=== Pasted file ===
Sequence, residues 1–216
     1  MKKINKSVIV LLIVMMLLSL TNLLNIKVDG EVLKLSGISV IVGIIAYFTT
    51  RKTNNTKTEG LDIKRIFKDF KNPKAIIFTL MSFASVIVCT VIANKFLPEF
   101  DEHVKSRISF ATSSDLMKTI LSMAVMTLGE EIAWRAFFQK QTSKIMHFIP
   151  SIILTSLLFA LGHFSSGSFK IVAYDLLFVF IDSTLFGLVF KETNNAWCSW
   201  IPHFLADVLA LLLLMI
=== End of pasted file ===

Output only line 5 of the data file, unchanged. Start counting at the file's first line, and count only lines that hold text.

   151  SIILTSLLFA LGHFSSGSFK IVAYDLLFVF IDSTLFGLVF KETNNAWCSW